roses, bougainvillea, and cacti

I didn’t go to Morocco to visit gardens, but I definitely wanted to visit gardens while in Morocco. In particular, I was looking forward to touring through the Dades Valley, famous for its pink Persian roses and the production of rose water.  Unfortunately, the time was not right and there was little to see.  But an unexpected display of roses in Marrakech made up for any disappointment.

KoutoubiaThe gardens on either side of the reflecting pool in front of theK_garden4 Koutoubia Minaret present a photo perfect approach to the 12th-century mosque, the largest in Marrakech and a definite orientation point for city’s famous medina located behind the mosque.  The minaret, which reflects the influences of Hispano-Moorish architecture, is purportedly the most visited site in Marrakech. Including the orb and spire, the minaret is 253 feet in height.  Situated between the reflecting pool and the mosque is a three-tiered fountain with tile work that accentuates the color of the pool, the plantings, and the minaret design.


To either side of its approach through the Koutoubia Gardens, also known as Lalla Hassna Park, are palm and citrus trees and a formal display of roses.The beauty of those roses demands a post of photos rather than words.  Therefore, I am offering some images larger than usual; there is no better way to share their loveliness.

K-garden_rose2   K_garden_rose1


K-garden6  K_garden_rose6


There are roses in small gardens, roadway medians, and roundabouts throughout Marrakech.  But for me, accustomed to the mid-Atlantic and southeastern gardening zones of the United States, I was most enthralled throughout Morocco and especially in Marrakech with the vibrant and vast bougainvillea bushes that prefer hardiness zones from 11 to 9b.

JM_bougainvillea1The most impressive display of bougainvillea, though, was in the Jardin Majorelle, an absolute gem of Moroccan color and horticultural surprise.  The garden was designed by French painter Jacques Majorelle in the early 1930s and opened to the public in 1947.  But it was abandoned at Majorelle’s death in 1962. Yves Saint Laurent and Pierre Bergé purchased the garden in 1980, as it was about to fall victim to real estate developers, and restored it.  It is now maintained by The Foundation Jardin Majorelle founded after Saint Laurent’s death in 2008.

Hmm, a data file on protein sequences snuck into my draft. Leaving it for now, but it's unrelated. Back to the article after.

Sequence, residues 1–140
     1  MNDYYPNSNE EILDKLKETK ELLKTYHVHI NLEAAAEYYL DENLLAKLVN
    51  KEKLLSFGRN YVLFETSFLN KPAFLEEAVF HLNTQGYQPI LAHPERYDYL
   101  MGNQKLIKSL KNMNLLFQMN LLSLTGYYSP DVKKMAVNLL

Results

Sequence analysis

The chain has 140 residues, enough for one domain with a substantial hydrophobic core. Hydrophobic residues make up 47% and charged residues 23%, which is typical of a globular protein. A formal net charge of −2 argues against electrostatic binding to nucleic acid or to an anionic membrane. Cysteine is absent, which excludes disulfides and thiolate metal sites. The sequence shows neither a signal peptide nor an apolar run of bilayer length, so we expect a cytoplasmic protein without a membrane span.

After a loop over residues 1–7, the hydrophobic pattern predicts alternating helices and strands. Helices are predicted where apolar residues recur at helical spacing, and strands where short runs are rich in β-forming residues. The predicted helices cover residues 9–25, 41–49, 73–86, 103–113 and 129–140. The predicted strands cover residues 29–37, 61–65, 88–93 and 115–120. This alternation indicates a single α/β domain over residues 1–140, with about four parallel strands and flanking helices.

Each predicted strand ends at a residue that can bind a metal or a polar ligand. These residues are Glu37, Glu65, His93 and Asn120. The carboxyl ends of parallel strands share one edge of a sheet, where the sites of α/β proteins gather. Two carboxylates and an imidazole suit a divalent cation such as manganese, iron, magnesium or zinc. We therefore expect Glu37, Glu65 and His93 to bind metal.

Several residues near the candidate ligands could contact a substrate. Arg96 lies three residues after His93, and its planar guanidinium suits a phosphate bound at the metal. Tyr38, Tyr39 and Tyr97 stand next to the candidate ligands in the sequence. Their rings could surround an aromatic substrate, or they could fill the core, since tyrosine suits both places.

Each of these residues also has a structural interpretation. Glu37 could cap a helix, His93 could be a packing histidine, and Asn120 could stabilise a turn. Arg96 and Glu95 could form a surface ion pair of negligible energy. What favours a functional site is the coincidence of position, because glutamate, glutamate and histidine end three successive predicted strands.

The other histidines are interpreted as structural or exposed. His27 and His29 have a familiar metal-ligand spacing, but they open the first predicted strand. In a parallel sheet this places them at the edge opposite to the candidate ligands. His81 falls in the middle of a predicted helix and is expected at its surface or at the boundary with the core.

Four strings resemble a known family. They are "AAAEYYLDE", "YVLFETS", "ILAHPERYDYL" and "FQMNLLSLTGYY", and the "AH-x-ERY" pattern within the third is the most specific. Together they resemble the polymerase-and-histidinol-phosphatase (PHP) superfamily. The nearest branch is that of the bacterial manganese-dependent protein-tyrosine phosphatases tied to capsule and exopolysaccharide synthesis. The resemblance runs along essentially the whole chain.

The approximately two-and-a-half-acre garden in the heart of Marrakech is comprised of bamboo, palm, and cacti expanses framed by vibrant water features and lush drapery of bougainvillea.   Built by Majorelle, and now a Berber museum, an Art-Deco style studio-villa overlooks the garden, establishing the striking yellow and Majorelle blue color palette that dominates the architectural features of the garden—an entrance pool, a water lily pool, and a pavilion linked by a reflecting pool to the Majorelle blue fountain that serves as the feature photo for this post.


The final garden feature is a simple but elegant memorial to the French designer, Saint Laurent.  At this point, I am going to allow the garden to speak for itself, except to say that such small, but stunning jewels of garden design remind me that after Eden, the human vision and drive to create beauty—and to share it—find amazing richness in creation and color, expressed on canvases large and small.  Painters, fashion designers, backyard gardeners, are artists alike.

JM_entrance  JM_lilly2

JM_Pavilion  JM_reflecting


JM_bougainvillea2 JM_bougainvillea3

jm_cactus1.jpg JM_cactus3JM_cactus2


JM_agave  JM_bird




© Susan K. Hagen and After Eden, 2018


2 Replies to “roses, bougainvillea, and cacti”

  1. Most of the plants seem to be from the Americas! How fascinating! Whomever designed the landscape seems to have been as fascinated with ‘exotics’ as those in other regions. There are a few gardens here that feature cacti, and even fewer that feature yuccas. There are more that are outfitted with plants from South America and Africa and perhaps Europe.

    Liked by 1 person

  2. I love having you as a reader, Tony. You are absolutely right. Majorelle gather specimens from around the world, but especially the Americas.


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